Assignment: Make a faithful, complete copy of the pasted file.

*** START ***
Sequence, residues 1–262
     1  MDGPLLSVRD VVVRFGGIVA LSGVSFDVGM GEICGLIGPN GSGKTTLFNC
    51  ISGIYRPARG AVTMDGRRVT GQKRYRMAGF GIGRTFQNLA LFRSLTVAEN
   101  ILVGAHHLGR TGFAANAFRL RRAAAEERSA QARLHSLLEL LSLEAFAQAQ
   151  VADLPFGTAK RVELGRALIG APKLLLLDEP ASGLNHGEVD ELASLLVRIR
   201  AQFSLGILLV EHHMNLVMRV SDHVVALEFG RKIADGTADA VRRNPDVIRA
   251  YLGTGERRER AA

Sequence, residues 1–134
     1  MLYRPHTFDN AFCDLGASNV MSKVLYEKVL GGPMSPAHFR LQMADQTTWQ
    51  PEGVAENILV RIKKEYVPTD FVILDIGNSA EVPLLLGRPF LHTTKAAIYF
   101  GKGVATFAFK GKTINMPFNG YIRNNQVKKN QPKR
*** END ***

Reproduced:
Sequence, residues 1–262
     1  MDGPLLSVRD VVVRFGGIVA LSGVSFDVGM GEICGLIGPN GSGKTTLFNC
    51  ISGIYRPARG AVTMDGRRVT GQKRYRMAGF GIGRTFQNLA LFRSLTVAEN
   101  ILVGAHHLGR TGFAANAFRL RRAAAEERSA QARLHSLLEL LSLEAFAQAQ
   151  VADLPFGTAK RVELGRALIG APKLLLLDEP ASGLNHGEVD ELASLLVRIR
   201  AQFSLGILLV EHHMNLVMRV SDHVVALEFG RKIADGTADA VRRNPDVIRA
   251  YLGTGERRER AA

Sequence, residues 1–134
     1  MLYRPHTFDN AFCDLGASNV MSKVLYEKVL GGPMSPAHFR LQMADQTTWQ
    51  PEGVAENILV RIKKEYVPTD FVILDIGNSA EVPLLLGRPF LHTTKAAIYF
   101  GKGVATFAFK GKTINMPFNG YIRNNQVKKN QPKR